Earlier today I had a conversation with my mother regarding the violent behavior of football players in the National Football League. It is important that I clearly indicate that the football players I am referring to play in the NFL because my mother, Sipora Groen, a 92-year-old Holocaust survivor from Holland, takes umbrage in the fact that we call the sport football. I’ve heard her say countless times, ” That’s not football. They call it that but it’s not football.” For my mother, what Americans call soccer is the REAL football. It’s no secret how she feels about American football either. She hates it. And for her, the recent rash of violence from its players is vindication for her opinion.
The point she wants to make, and specifically asked me to relate to my readers, is that the nature of the sport creates an inevitability of this behavior. She believes that a sport with constant violent hits, and men jumping on top of each other to keep the other men down, sometimes in large piles, creates such a pent-up aggression that these men are left with a need to relieve this aggression in some manner or another. She is appalled by the domestic violence as any other normal person would be, but she also feels that the sport is not a normal sport and that as it exists in its current form will ultimately lead to more violence off the field.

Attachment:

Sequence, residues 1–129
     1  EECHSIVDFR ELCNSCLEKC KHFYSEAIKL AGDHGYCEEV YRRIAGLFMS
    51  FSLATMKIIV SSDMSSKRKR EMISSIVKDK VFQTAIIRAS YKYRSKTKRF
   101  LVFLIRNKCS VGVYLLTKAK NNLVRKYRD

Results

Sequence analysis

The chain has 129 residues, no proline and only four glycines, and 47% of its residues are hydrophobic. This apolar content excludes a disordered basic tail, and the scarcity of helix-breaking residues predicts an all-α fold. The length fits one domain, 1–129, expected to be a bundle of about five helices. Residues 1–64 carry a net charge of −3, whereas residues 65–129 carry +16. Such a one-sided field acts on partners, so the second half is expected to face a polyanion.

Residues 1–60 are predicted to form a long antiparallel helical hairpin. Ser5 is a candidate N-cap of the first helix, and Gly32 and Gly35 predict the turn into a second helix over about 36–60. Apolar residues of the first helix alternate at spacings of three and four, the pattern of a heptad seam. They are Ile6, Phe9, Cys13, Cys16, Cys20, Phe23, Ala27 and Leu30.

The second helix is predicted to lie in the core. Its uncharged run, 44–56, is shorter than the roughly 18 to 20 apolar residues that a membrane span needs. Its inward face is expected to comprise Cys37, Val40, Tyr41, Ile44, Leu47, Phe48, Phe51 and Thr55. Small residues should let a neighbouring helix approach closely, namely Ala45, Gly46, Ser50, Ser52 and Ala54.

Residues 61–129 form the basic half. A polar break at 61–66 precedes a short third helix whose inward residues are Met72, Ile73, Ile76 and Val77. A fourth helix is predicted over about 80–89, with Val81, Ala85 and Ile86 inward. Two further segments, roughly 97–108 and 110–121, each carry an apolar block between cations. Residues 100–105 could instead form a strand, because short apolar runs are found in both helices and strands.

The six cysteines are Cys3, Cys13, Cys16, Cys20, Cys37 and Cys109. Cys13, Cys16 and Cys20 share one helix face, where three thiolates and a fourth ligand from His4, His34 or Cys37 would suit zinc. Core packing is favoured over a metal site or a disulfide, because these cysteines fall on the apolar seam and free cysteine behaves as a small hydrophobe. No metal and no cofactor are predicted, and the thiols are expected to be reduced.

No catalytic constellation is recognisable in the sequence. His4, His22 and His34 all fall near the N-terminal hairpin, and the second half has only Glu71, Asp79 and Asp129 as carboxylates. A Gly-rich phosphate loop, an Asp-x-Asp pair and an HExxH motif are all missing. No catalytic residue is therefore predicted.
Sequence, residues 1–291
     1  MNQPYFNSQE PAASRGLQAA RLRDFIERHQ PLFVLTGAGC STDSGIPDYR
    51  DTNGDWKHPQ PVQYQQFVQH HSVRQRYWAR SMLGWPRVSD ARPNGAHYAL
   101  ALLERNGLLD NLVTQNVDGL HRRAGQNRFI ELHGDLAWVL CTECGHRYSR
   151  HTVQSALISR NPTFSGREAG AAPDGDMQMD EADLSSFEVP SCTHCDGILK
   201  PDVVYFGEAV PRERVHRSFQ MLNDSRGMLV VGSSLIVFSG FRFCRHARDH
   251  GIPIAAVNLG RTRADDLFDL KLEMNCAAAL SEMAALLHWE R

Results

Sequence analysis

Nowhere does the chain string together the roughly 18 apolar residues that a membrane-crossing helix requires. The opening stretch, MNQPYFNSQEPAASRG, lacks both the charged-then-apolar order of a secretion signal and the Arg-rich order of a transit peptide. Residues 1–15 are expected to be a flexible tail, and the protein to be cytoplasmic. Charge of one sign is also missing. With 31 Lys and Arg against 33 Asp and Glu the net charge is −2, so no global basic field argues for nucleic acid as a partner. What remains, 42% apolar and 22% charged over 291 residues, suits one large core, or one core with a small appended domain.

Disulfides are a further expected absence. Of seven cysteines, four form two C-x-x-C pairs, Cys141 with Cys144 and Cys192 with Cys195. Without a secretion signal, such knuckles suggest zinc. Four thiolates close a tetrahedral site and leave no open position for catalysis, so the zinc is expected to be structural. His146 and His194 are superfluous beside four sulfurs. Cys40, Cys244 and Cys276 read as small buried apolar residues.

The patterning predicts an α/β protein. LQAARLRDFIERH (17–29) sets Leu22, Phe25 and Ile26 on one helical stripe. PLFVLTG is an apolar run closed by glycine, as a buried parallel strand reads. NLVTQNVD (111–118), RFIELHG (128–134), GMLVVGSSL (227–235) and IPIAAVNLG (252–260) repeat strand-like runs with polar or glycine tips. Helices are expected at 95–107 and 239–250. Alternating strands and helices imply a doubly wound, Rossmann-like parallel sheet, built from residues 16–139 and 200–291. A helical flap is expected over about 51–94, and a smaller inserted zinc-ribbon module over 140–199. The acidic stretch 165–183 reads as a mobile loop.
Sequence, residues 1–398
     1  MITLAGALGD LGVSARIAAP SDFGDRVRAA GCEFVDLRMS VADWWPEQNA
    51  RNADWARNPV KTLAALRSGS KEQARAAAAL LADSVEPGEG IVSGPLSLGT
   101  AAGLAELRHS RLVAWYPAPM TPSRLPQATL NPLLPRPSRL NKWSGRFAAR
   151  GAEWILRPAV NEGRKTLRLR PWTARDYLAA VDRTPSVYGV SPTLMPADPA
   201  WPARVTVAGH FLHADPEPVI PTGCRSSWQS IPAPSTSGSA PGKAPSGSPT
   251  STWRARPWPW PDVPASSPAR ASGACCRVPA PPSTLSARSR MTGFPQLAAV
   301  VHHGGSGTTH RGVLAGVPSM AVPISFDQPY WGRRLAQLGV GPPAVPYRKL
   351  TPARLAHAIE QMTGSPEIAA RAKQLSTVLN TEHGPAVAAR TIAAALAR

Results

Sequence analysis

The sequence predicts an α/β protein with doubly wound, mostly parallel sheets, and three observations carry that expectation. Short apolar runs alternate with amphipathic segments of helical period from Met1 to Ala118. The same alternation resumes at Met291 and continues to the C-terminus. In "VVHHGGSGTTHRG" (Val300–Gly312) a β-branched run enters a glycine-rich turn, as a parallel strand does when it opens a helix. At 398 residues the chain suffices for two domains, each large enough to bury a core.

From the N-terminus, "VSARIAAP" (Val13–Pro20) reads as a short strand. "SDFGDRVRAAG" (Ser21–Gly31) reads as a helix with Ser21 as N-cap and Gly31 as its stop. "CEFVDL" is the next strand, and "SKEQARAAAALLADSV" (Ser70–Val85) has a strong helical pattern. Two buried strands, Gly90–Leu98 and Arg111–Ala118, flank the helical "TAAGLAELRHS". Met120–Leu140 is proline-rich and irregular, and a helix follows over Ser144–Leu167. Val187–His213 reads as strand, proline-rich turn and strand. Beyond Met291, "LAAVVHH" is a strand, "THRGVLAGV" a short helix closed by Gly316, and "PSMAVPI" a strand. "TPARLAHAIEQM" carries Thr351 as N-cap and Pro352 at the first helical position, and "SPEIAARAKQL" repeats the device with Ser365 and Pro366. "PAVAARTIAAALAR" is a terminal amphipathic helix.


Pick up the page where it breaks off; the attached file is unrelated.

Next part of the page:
She went on to say that she even believes that boxing is better because it only involves two people and the actions of these 2 people in the ring are carefully monitored. She dismissed out of hand my notion that football is carefully monitored as well because in football men just haphazardly pile on top of each other. She is very clear about her opinion. Unless the actual sport of football changes, more players will be involved in off the field violence. She feels so strongly about this that it is her opinion that Ray Rice would not have hit his fiance, now his wife, in the elevator if it were not for his involvement in football. I disagreed with this, but she insisted she was right, and at 92 and sharp as a tack, she very well could be.
Once my mother was done giving her opinion I promised I’d write this, but also told her I had to go. I wanted to watch the football game.
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